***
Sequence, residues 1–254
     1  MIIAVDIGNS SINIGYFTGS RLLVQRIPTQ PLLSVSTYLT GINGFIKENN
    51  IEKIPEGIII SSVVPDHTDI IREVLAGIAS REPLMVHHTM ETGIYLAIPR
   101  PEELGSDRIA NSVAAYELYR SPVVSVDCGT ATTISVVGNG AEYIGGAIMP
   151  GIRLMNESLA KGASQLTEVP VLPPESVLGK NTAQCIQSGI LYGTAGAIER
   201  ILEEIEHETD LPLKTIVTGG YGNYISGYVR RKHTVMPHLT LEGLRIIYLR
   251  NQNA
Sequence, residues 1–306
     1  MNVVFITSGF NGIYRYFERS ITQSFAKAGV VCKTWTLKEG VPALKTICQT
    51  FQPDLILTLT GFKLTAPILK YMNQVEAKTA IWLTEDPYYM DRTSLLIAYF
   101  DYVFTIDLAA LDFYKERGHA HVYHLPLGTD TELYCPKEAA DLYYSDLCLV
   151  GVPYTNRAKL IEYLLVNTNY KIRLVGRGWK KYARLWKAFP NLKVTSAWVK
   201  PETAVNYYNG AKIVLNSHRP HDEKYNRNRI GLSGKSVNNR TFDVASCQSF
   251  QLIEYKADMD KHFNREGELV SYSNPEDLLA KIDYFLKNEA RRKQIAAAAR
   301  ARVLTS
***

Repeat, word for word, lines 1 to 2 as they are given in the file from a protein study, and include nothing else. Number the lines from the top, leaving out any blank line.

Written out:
Sequence, residues 1–254
     1  MIIAVDIGNS SINIGYFTGS RLLVQRIPTQ PLLSVSTYLT GINGFIKENN